Calls to increase the number of minority teachers in U.S. schools are plentiful, yet the basis for these calls is underspecified and undertheorized. In an effort to better understand the role of race and context in teacher–student interactions, this article considers the African American mathematics teacher as both historical figure and conceptual construct. The authors discuss the importance of examining the role, responsibilities, and work of African American teachers in an academic domain-specific context, namely mathematics. After a brief overview of what the literature reports African American teachers in general bring to their practice, the authors examine and discuss intersections of intertwining historical timelines for the purposes of raising questions about the role and responsibilities of African American mathematics teachers across time. The article concludes with a challenge for researchers to interrogate, challenge, critique, and build on conceptualizations of the African American mathematics teacher as an entity that represents a unique confluence of experiences, perspectives, dispositions, and knowledge domains critical to the education of all students.
In this commentary, we discuss the lessons we learned from case studies of two African American mathematics teachers, thereby endorsing the claim made by the contributors to this special issue that the insights they gained are not restricted to mathematics teaching in nonselective urban schools but can also inform the field more generally. We then focus on differences in the two teachers’ goals for students’ mathematical learning and clarify that they were consequential and constrained the types of purposes that the teachers could convey to their students for engaging in mathematical activity. We go on to argue that high expectations for all students’ learning are not by themselves sufficient for their development of mathematical proficiency and discuss the importance of supporting teachers’ development of specific instructional practices that enable their students to meet those expectations. Finally, we suggest that it is critical to situate the ways in which teachers draw on their cultural resources with respect to the school and district settings in which they work and in which they refine and elaborate their instructional practices.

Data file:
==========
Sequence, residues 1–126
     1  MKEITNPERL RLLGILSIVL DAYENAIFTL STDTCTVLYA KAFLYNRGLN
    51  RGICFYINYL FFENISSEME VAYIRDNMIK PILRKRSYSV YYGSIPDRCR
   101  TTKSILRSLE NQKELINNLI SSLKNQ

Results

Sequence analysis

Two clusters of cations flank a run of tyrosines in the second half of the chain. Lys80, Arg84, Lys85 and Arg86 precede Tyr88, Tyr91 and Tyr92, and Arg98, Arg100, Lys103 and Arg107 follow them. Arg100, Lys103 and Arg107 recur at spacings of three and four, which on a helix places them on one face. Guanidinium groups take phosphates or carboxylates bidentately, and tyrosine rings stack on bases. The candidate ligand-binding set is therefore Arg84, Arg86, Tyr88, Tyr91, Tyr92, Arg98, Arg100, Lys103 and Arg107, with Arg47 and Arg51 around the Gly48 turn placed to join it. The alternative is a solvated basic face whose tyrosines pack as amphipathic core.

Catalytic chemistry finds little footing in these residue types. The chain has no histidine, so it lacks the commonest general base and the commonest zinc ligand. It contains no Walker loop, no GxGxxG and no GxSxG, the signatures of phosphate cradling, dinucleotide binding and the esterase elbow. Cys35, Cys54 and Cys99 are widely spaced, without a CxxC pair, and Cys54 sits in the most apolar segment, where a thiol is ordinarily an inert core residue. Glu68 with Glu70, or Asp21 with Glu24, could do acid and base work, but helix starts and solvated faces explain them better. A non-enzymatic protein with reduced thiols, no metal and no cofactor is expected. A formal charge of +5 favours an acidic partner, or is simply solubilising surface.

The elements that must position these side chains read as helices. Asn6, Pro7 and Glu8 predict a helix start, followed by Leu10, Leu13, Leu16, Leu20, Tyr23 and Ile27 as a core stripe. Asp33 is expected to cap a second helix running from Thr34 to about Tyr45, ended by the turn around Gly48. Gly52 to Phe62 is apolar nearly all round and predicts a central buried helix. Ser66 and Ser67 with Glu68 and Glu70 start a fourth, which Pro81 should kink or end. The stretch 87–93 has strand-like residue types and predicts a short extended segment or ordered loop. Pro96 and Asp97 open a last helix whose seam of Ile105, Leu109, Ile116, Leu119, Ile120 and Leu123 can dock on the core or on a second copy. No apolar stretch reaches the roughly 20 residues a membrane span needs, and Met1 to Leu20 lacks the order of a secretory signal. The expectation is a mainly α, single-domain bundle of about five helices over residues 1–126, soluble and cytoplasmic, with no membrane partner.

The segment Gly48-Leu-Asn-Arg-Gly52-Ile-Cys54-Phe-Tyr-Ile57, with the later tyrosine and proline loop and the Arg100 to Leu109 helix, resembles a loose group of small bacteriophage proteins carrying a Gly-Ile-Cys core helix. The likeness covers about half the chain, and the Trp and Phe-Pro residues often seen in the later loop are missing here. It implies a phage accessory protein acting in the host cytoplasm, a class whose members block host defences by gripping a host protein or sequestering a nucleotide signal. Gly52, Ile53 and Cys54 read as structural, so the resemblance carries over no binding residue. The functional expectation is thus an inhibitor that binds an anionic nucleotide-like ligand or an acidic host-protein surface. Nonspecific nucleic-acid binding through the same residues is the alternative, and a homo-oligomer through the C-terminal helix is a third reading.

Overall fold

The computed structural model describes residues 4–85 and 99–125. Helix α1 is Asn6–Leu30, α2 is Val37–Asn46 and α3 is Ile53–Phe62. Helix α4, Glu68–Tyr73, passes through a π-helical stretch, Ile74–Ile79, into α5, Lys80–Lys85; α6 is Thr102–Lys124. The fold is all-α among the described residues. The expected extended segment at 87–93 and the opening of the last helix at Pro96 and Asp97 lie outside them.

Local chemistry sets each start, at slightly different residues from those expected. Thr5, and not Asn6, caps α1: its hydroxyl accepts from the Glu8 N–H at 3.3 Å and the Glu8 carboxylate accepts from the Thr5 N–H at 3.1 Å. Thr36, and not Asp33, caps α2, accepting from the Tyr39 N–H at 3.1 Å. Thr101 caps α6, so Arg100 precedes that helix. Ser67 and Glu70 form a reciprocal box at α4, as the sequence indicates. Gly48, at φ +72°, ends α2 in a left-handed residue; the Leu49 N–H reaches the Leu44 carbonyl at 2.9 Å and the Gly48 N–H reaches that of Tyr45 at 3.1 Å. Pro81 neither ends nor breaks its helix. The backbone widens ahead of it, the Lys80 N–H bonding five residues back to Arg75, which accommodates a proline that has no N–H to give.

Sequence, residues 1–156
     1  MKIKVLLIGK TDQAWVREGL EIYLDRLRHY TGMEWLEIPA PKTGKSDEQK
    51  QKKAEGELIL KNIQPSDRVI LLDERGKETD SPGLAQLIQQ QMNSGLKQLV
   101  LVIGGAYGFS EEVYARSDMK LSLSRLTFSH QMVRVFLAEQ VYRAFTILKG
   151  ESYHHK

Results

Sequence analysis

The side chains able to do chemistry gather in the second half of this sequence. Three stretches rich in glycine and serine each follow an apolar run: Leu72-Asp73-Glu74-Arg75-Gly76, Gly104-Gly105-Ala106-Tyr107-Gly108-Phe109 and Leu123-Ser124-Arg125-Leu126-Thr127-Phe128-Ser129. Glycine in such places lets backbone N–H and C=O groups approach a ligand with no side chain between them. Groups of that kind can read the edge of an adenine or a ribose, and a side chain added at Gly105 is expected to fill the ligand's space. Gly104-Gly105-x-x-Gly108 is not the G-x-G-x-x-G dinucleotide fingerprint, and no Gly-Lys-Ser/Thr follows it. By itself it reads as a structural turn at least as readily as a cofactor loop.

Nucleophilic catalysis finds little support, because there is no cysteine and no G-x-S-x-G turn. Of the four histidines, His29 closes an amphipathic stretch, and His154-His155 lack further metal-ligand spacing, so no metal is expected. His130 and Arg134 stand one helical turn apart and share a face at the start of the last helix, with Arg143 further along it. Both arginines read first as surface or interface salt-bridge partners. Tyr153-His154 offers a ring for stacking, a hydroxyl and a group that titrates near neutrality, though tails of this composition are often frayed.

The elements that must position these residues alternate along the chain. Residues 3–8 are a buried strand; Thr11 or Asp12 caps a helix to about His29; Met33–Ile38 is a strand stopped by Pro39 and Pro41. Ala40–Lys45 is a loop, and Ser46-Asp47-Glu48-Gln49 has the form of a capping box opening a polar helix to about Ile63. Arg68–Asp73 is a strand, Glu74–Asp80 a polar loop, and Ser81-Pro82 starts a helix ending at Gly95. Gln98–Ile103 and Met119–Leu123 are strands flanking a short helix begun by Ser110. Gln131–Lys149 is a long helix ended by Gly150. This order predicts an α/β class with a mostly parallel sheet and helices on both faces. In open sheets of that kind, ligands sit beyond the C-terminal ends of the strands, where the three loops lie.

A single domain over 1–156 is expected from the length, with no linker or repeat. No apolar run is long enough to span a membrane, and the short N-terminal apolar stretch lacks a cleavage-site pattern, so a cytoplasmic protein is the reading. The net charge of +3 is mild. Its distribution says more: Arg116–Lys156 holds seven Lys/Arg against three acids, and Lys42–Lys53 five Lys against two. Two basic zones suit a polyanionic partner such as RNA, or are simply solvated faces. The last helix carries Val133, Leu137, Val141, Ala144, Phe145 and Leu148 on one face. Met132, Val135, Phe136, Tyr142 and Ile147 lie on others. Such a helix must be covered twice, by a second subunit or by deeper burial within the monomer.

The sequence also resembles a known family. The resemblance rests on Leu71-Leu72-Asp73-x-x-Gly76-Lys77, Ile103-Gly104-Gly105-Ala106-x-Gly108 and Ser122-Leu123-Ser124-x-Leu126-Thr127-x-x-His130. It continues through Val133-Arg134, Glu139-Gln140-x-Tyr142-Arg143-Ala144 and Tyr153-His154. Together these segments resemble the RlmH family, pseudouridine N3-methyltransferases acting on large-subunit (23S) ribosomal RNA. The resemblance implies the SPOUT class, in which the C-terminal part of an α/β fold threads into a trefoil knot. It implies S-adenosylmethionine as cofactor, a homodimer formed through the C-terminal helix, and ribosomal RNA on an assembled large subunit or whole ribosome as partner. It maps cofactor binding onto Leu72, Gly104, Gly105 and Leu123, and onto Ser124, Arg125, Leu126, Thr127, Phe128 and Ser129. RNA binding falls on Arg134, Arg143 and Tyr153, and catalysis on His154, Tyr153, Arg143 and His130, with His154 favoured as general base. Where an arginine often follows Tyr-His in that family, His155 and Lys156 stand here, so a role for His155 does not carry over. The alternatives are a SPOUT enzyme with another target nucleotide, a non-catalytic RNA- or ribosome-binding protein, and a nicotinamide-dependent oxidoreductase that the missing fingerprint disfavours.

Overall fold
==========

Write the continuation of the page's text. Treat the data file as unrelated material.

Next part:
In mathematics education and beyond, various “cultural” arguments have been used to explain teachers’ resistance to change, yet these meanings of culture are often conflated. This article uses three distinct conceptions of culture—individual, interactional, and collective—to analyze the practice of one experienced mathematics teacher.
We document that caring elementary school teachers spark Hispanic student self-perception of math ability, which in turn increases Hispanic student performance on the California Standards Test for Mathematics. Caring especially impacts math performance among Spanish-dominant English learners, who constitute the fastest growing segment of California’s K–12 student population.